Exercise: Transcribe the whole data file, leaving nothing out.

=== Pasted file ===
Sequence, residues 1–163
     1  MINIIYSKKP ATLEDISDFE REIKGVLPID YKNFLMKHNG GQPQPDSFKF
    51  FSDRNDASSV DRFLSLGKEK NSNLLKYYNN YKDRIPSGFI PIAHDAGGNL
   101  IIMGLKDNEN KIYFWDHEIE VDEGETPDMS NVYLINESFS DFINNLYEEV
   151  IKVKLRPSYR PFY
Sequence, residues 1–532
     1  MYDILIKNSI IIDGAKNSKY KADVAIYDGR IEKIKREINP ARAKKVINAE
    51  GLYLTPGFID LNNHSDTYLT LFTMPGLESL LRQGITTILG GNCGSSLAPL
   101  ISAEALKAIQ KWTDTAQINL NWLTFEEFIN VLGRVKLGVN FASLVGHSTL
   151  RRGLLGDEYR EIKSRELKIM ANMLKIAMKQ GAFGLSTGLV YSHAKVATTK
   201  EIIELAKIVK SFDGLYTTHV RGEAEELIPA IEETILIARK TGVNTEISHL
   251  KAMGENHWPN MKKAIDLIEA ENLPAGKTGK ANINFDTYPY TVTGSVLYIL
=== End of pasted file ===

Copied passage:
Sequence, residues 1–163
     1  MINIIYSKKP ATLEDISDFE REIKGVLPID YKNFLMKHNG GQPQPDSFKF
    51  FSDRNDASSV DRFLSLGKEK NSNLLKYYNN YKDRIPSGFI PIAHDAGGNL
   101  IIMGLKDNEN KIYFWDHEIE VDEGETPDMS NVYLINESFS DFINNLYEEV
   151  IKVKLRPSYR PFY
Sequence, residues 1–532
     1  MYDILIKNSI IIDGAKNSKY KADVAIYDGR IEKIKREINP ARAKKVINAE
    51  GLYLTPGFID LNNHSDTYLT LFTMPGLESL LRQGITTILG GNCGSSLAPL
   101  ISAEALKAIQ KWTDTAQINL NWLTFEEFIN VLGRVKLGVN FASLVGHSTL
   151  RRGLLGDEYR EIKSRELKIM ANMLKIAMKQ GAFGLSTGLV YSHAKVATTK
   201  EIIELAKIVK SFDGLYTTHV RGEAEELIPA IEETILIARK TGVNTEISHL
   251  KAMGENHWPN MKKAIDLIEA ENLPAGKTGK ANINFDTYPY TVTGSVLYIL